Also, it is my understanding that while games come out on consoles fairly optimized, the true optimization starts getting pushed out after the console has been around a few years. This is why (apart from resolution) most console games are able to compete with their PC counterparts even when their hardware is starting to age. I'm not saying it will necessarily be better than PC graphics, but it's pretty amazing what they can do with their limited power, and I think you'd be hard-pressed to play a game on PC with similar hardware as on console, and achieve the same quality of graphics.
Anyways, I'm just happy next-gen is coming out so that PC games can start getting some new features that seem to only come around on the whim of console game manufacturers. I'd also like to see consoles do refreshes where instead of just coming out with a slim version of the console after 2-3 years, they might actually add some better hardware. It wouldn't be too hard for game makers to optimize their games for not just one, but possibly two or three GPU's, especially if MS and Sony keep the architecture fairly similar, or at least scale it all proportionately.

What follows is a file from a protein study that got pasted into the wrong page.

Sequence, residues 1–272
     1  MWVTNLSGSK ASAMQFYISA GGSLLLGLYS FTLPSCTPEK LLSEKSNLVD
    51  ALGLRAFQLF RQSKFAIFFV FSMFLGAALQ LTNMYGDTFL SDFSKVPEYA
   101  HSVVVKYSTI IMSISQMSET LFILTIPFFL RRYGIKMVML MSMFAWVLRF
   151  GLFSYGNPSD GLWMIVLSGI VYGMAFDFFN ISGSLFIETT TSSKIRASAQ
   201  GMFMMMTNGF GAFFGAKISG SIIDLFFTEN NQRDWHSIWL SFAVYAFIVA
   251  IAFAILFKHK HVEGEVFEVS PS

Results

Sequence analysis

Increase dev costs by X% so you can play at a marginally higher resolution on a fragmented system. Yeah, not going to happen anytime soon.

This.

It's much cheaper to target a single set of hardware and optimize fully for that hardware set. PC game development for AAA games is more expensive than consoles for a reason, multiple hardware/software sets. More expense for development, more expense for testing on both the developer and console manufacturer. Console manufacturers have done this before, and it is usually only met with mild success at best. For more information see: Sega 32X, Sega CD, N64 memory expansion, and WiiMote MotionPlus. Very few games will use any of those expansions that improved upon the original console.

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post #163 of 181 Old 08-30-2012, 06:42 AM